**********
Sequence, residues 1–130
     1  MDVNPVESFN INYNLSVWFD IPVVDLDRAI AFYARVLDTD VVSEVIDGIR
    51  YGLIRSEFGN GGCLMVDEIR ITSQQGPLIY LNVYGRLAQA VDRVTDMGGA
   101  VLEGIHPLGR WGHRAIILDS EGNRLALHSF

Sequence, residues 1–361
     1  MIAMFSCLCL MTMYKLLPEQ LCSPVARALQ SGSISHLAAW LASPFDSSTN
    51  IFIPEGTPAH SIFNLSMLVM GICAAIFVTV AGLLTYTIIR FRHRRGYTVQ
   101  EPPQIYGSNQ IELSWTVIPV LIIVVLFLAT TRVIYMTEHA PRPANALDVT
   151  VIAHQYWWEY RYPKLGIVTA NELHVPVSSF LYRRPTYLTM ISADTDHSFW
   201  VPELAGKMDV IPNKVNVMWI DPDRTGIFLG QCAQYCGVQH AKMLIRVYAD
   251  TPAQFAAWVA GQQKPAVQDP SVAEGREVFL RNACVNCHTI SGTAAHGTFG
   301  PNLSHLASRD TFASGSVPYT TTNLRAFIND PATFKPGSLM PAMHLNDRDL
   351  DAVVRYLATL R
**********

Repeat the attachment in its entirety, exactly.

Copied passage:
Sequence, residues 1–130
     1  MDVNPVESFN INYNLSVWFD IPVVDLDRAI AFYARVLDTD VVSEVIDGIR
    51  YGLIRSEFGN GGCLMVDEIR ITSQQGPLIY LNVYGRLAQA VDRVTDMGGA
   101  VLEGIHPLGR WGHRAIILDS EGNRLALHSF

Sequence, residues 1–361
     1  MIAMFSCLCL MTMYKLLPEQ LCSPVARALQ SGSISHLAAW LASPFDSSTN
    51  IFIPEGTPAH SIFNLSMLVM GICAAIFVTV AGLLTYTIIR FRHRRGYTVQ
   101  EPPQIYGSNQ IELSWTVIPV LIIVVLFLAT TRVIYMTEHA PRPANALDVT
   151  VIAHQYWWEY RYPKLGIVTA NELHVPVSSF LYRRPTYLTM ISADTDHSFW
   201  VPELAGKMDV IPNKVNVMWI DPDRTGIFLG QCAQYCGVQH AKMLIRVYAD
   251  TPAQFAAWVA GQQKPAVQDP SVAEGREVFL RNACVNCHTI SGTAAHGTFG
   301  PNLSHLASRD TFASGSVPYT TTNLRAFIND PATFKPGSLM PAMHLNDRDL
   351  DAVVRYLATL R